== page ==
Apr 22, 2020 - Economy & Business

Tyson Meats closes Waterloo, Iowa, plant in latest pork shutdown

Meat shelves lay empty at a supermarket in Saugus, Mass. on March 13, 2020. Photo: JOSEPH PREZIOSO/AFP via Getty Images

Tyson Fresh Meats, the beef and pork subsidiary of Tyson Foods, is suspending operations at its largest pork plant in Waterloo, Iowa, the company announced on Wednesday.

Why it matters: The closure "further contributes to the disruption of the nation’s pork supply," per the company. It comes as the meat industry has slowed production, leading to price increases, as plant workers across the country have fallen ill with the coronavirus.

  • Smithfield Foods, the world’s largest pork producer, also announced three plant closures in recent days, including a pork processing plant in Sioux Falls, S.D. At least 644 coronavirus cases were traced back to that facility.

What they're saying: “Despite our continued efforts to keep our people safe while fulfilling our critical role of feeding American families, the combination of worker absenteeism, COVID-19 cases and community concerns has resulted in our decision to stop production." said Steve Stouffer, group president of Tyson Fresh Meats, in a news release.

  • “The closure has significant ramifications beyond our company, since the plant is part of a larger supply chain that includes hundreds of independent farmers, truckers, distributors and customers, including grocers,” Stouffer said.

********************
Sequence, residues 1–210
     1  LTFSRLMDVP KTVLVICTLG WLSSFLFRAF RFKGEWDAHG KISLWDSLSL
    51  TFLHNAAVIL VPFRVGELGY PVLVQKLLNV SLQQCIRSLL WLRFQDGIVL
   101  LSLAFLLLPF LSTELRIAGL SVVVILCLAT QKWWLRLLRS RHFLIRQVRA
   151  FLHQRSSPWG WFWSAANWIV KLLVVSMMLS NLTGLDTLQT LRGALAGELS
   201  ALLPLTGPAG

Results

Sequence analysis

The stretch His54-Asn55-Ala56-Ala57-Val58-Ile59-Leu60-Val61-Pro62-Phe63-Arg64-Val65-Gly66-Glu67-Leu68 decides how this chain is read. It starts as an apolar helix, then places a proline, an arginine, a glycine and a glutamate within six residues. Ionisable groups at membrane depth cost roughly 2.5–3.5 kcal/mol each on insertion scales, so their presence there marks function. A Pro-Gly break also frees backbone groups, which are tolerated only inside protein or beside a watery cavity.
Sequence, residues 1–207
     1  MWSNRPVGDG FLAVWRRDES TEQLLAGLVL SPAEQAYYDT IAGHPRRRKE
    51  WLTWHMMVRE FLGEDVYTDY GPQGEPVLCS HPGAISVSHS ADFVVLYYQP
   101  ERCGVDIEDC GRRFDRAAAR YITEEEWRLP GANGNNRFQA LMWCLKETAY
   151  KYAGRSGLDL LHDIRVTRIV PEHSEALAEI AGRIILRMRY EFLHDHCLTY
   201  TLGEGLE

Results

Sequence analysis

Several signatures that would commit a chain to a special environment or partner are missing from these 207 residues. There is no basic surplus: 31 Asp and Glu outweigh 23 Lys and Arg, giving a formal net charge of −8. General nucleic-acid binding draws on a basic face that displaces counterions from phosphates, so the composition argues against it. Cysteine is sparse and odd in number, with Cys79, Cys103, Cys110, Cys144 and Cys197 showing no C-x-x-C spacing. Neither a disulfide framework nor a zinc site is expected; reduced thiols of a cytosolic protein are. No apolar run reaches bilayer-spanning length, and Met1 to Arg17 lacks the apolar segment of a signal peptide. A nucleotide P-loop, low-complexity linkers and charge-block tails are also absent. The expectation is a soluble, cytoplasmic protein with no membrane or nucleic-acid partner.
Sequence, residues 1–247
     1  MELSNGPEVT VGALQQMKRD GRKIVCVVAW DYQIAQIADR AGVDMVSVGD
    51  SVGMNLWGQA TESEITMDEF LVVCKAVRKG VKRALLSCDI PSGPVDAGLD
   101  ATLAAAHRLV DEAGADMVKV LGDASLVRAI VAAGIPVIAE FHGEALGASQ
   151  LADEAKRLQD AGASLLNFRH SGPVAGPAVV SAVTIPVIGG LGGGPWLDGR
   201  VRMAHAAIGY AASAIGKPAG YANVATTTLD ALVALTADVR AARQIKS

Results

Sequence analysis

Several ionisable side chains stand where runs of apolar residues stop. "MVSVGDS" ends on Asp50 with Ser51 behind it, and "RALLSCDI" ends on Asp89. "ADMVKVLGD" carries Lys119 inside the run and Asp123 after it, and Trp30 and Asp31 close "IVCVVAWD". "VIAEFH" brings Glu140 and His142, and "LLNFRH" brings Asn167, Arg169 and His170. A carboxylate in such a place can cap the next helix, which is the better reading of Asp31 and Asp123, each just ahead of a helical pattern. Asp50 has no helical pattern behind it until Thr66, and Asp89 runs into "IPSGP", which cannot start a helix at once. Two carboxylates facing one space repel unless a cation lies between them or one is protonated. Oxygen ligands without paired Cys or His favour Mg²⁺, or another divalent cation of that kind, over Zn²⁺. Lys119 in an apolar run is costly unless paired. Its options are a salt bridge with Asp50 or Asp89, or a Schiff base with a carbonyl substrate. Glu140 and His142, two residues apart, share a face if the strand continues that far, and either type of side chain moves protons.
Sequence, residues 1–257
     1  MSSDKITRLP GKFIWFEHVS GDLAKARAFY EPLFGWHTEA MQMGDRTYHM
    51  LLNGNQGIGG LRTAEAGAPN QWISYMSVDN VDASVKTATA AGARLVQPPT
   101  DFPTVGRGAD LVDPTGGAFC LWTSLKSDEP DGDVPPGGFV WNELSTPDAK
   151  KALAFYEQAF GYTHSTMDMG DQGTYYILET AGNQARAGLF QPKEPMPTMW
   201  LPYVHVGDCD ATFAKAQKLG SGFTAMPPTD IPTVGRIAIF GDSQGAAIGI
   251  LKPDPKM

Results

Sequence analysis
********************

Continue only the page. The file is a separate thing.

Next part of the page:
• “It means the loss of a vital market outlet for farmers and further contributes to the disruption of the nation’s pork supply.” 

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Updated 3 mins ago - Politics & Policy

Mark Zuckerberg: Social networks should not be "the arbiter of truth"

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Facebook CEO Mark Zuckerberg argued on CNBC's "Squawk Box" Thursday that social media platforms should not police political speech, and that "people should be able to see what politicians say.”

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Speaker Nancy Pelosi. Photo: Saul Loeb/AFP via Getty Images

House Democrats pulled legislation Thursday that would have renewed expired domestic surveillance laws and strengthened transparency and privacy protections amid broad opposition from President Trump, House GOP leadership and progressive Democrats.

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